Jump to content

Recommended Posts

I've already got a nice one, but might be tempted to get another. However, I definitely want opinions on it before I contemplate the purchase. I've asked the seller if there are any markings on the lower arm - I'll post the reply when I get it. Were period HHOx's ever completely unmarked? Anyway, all opinions welcome.

Thanks!

Scott

Link to comment
Share on other sites

... Were period HHOx's ever completely unmarked? ...

Scott

The shown HOH X looks like a genuine period Wagner or Friedl?nder. As we know it from the pour le m?rite, the knight HOH of Wagner and Friedl?nder are not to distinguish. I know such orders unmarked, but in every detail identical.

with regards, Komtur.

A marked "W" in gold:

Link to comment
Share on other sites

Hello Scott:

I like the piece that you show. It appears to be a period piece that comforms in detail to known originals by Wagner. It should command a slightly lower price being unmarked however. I have seen later copies (purchased by recipients) in mounted medal groups, but they are rather crude compared to the WWI-era pieces.

I used to own a piece that was identical to a "textbook" Wagner piece, except that it was marked "938" on the lower arm and had no other markings.

I hope that you find this information useful.

Best regards,

"SPM"

Link to comment
Share on other sites

I've already got a nice one, but might be tempted to get another. However, I definitely want opinions on it before I contemplate the purchase. I've asked the seller if there are any markings on the lower arm - I'll post the reply when I get it. Were period HHOx's ever completely unmarked? Anyway, all opinions welcome.

Thanks!

Scott

The reverse picture you are showing shows a light indentation on the lower cross arm. This normally indicated punch marks. I would be surprised if this one has no markings.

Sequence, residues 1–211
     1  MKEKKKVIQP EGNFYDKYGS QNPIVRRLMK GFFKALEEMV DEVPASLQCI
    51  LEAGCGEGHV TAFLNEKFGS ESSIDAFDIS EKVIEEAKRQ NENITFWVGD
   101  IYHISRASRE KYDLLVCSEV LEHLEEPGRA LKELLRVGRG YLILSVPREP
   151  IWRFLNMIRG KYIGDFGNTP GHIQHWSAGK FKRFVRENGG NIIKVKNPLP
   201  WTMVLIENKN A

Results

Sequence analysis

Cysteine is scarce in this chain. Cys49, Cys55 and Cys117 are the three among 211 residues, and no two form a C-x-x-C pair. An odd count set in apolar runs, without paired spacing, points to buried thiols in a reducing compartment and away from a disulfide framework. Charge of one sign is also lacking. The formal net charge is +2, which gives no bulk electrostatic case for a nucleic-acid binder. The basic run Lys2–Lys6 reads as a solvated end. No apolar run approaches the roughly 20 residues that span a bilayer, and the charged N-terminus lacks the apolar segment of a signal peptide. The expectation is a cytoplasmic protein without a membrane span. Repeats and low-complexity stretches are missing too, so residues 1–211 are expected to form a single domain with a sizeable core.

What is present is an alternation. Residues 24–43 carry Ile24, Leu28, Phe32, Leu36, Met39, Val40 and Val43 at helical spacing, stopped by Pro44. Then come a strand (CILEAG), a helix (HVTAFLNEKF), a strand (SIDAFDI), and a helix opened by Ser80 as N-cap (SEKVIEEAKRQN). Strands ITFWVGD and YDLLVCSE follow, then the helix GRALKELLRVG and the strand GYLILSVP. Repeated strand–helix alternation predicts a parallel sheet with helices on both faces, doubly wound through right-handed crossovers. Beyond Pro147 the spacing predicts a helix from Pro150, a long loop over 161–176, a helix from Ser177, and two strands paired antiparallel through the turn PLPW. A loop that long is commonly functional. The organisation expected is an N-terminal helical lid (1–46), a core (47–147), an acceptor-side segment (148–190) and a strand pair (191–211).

Link to comment
Share on other sites

Join the conversation

You can post now and register later. If you have an account, sign in now to post with your account.

Guest
Reply to this topic...

×   Pasted as rich text.   Paste as plain text instead

  Only 75 emoji are allowed.

×   Your link has been automatically embedded.   Display as a link instead

×   Your previous content has been restored.   Clear editor

×   You cannot paste images directly. Upload or insert images from URL.

 Share

  • Blog Comments

    • As a theology student my professor, a much published former Naval chaplain, set us an essay, saying that if we could answer that successfully we would be guaranteed  a good degree "Which of the gospel writers was the biggest liar, discuss."   I got a good mark, but  don't want to be burned for heresy.   P
    • As my father used to say: "Tain't so much Pappy's a liar - he just remembers big."  
    • Brian: First, let me say that I always enjoy reading your blog and your "spot on" comments.  Another fine topic with such a broad expansion into so many different facets.  I had watched this a week or two ago and when reading your blog, it reminded me of this great quote.   There is a great video on the origins of "Who was Murphy in Murphy's Law"   Anyway, about mid way through this video, there is this great quote and I think it sums it up quite well to your statem
    • I've received word from the Curator that she has permission to re-open this summer.   We're already making plans for a November event at the Museum.   Michael
    • I recall I did the same on hot days at Old Fort York back in 1973-74 - wool uniforms, and at 90F they would let you take your backpack off.   Michael
×
×
  • Create New...